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Speculations on Openings, Closings, and Thresholds in International Public Media

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Posted by Patricia Zimmermann at 2:41AM   |  5 comments
A resident distributing water,  still from Water and the City

Blog written by Patricia Zimmermann, Shaw Foundation Professor, Nanyang Technological University, Singapore and codirector, Finger Lakes Environmental Film Festival

Post Screening Discussions and Development, Bangalore Style

In Bangalore, the post screening discussion is as important as the film itself. 

In fact, if the Bangalore Film Society is any indication, it often lasts longer than the film itself.  The discussions open up with debates, denouncements, deconstructions—and urgency. It’s an exhilarating experience—especially in contradistinction to the current state of cinema in the United States, where audiences are often passive, ironic and detached, cinema intellectuals camouflage ideas and politics with obtuse theory, and social media siphons off people from embodied interaction. It’s hard to fill a theater. Most people leave before the credits.

In Bangalore, the screenings I participated in were just about as opposite an experience as could be imagined.  If German critical theorist Jurgen Habermas’s imagined public sphere exists, it most certainly is being conjured up in Bangalore as a public place to debate how development, cars, information technology(IT), genetically modified plants, pollution, poverty, drought, water, the IT economy, gender, and food are resolutely and absolutely interconnected. In Bangalore, I learned that cinema is only as good as the people and debates it convenes. Cinema is critical to civil society in Bangalore: it’s where it happens.

At the post-event vegetarian dinner at The Green Path, I asked journalist S. Vishwanath and BFS’s Georgekutty why the screenings were so successful. They explained that there was almost a total blackout on development issues in India—commercial newspapers, radio and television didn’t cover it, unless it was a positive story embracing IT and economic growth. Independent documentary produced in different regions has developed to address this gap—and provide a voice of criticality and a space for debate lacking in the more dominant media.

A New India

In fact, a few years ago in 2004, the prestigious Mumbai International Film Festival refused to screen films with an anti-development argument arguing they needed a certificate from the censor. This action galvanized the formation of Films for Freedom. BFS, according to Georgekutty, puts as much energy into their mass mobilizations to get diverse audiences to screenings as they do to their programming.  As a result, they not only find films but they create spaces for open political discussion across difference.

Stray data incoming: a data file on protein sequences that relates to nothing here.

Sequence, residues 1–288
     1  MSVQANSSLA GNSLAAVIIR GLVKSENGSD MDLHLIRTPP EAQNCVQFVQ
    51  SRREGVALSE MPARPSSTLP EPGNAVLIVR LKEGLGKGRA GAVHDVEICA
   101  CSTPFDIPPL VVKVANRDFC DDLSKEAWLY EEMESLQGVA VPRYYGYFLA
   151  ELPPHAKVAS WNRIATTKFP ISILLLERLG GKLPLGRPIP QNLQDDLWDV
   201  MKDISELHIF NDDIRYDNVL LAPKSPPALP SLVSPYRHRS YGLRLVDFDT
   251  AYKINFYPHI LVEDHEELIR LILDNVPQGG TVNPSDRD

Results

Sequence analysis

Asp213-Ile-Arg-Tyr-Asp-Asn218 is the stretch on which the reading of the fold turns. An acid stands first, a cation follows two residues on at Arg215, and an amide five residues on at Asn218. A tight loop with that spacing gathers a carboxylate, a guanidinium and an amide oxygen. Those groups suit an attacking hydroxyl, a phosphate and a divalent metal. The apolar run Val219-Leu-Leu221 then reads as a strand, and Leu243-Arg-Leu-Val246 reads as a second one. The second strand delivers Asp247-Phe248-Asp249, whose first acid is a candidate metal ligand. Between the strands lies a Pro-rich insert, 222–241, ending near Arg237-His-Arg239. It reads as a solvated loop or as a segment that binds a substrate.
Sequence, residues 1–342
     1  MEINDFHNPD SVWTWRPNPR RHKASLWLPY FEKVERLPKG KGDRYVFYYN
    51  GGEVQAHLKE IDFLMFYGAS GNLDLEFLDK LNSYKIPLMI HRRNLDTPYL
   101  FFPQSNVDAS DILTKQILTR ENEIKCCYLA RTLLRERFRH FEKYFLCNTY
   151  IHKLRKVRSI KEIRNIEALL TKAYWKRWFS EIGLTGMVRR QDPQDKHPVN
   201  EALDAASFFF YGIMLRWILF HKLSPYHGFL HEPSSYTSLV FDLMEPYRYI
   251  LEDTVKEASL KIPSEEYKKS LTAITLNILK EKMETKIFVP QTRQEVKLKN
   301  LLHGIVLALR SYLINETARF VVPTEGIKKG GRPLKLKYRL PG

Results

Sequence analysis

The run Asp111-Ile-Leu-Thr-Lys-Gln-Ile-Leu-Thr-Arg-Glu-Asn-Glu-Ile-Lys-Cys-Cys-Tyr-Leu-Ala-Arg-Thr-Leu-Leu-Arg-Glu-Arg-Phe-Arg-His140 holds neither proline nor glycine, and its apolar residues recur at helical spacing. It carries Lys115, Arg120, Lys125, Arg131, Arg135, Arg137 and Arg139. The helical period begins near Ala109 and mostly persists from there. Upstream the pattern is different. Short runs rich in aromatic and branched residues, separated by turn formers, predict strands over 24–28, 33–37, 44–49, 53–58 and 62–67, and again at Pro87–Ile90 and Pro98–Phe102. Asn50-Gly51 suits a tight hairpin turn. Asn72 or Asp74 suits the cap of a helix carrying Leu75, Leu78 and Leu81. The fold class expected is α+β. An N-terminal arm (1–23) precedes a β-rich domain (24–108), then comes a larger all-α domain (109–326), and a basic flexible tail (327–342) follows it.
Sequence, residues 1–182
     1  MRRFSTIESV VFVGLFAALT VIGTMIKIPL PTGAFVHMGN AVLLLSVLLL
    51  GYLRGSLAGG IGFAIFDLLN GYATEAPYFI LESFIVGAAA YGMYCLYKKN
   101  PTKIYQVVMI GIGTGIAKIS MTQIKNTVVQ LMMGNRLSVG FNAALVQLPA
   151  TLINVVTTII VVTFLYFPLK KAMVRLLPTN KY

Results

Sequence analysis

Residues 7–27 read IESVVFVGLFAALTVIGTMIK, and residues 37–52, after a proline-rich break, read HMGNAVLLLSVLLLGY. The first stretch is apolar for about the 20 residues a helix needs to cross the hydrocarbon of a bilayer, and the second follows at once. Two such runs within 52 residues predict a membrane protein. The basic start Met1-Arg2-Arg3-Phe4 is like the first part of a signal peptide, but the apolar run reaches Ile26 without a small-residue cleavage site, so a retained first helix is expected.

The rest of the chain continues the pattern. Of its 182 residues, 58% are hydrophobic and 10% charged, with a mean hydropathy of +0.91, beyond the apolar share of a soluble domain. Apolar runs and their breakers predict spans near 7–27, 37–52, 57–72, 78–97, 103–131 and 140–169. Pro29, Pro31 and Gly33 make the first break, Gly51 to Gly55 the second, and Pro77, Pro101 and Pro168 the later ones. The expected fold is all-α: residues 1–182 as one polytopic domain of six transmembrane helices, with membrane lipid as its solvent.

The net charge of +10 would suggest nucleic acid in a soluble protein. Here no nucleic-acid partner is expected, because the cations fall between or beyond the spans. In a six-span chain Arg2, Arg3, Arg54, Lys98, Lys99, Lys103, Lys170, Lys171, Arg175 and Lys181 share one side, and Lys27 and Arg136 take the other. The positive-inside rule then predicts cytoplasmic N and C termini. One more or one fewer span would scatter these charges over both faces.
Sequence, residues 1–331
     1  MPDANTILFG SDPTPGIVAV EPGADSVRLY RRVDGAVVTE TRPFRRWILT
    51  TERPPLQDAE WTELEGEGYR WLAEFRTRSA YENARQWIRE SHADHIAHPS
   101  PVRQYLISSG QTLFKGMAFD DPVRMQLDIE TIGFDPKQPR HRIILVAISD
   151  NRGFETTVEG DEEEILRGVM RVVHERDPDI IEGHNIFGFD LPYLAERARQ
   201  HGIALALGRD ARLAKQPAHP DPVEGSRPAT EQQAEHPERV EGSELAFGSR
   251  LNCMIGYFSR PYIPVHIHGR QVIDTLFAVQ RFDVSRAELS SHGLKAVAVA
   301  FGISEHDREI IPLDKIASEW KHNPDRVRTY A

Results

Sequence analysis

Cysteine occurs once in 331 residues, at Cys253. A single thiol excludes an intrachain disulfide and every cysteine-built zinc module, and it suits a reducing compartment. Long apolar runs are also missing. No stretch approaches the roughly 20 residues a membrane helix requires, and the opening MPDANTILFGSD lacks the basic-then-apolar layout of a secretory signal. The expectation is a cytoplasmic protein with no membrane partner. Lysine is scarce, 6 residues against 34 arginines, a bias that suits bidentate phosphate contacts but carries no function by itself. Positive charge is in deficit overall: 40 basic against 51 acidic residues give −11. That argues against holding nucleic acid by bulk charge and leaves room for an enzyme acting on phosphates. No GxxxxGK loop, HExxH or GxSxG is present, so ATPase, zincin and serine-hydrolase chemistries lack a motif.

The Economist hails Bangalore and Hyderabad as the new miracles of the shiny new Indian IT economy that is contributing to India’s astronomical growth. Cinema scholars from across the globe dive headfirst into Bollywood, the largest film industry in the world.  And environmentalists fight the introduction of genetically modified plants. These different strands of India are usually presented as separate issues, separate politics, separate worlds--except at these Bangalore Film Society screenings.  Here, the films operate as springboards for discussions and debates that commingle these myriad issues in a political masala that makes connections, literally and philosophically.

Water and The City: A Documentary about Water and Bangalore

The two screenings I attended, both celebrating World Water Week, were jammed.  They were both free—a measure of all the hard fundraising done by BFS. It was exciting—and intimidating, since I was speaking at both events. The first night, a new film premiered, Water and the City (Sawati Dandekar, India, 2010) a lovely, powerful, muckraking documentary that follows the Kaveri River as it leaves the Western Ghats and travels to Bangalore.  Sawati, a filmmaker who has made many films about environmental issues in South India, was there to introduce the film and discuss the film afterwards.

The screenings were held in a modest hall with no air conditioning, movable chairs, a pull-down screen , and a projector dangling from the ceiling at a Catholic monastery—about as opposite as you can imagine from the stadium seating, surround sound of the gargantuan multiplexes of Singapore. The staff at the Bangalore Film Society hauled in their own Mac and PC laptops as well as a DVD player, not sure if the films would run properly and wanting backup.  The screening facility was more of a meeting room than a theater.  The set-up took a while: the screening started late. The Bangalore Film Society invited the audience to a pre-screening tea replete with rich dark Indian black tea, organic coffee, samosas, and mint chutney.  We were asked to wash our own dishes.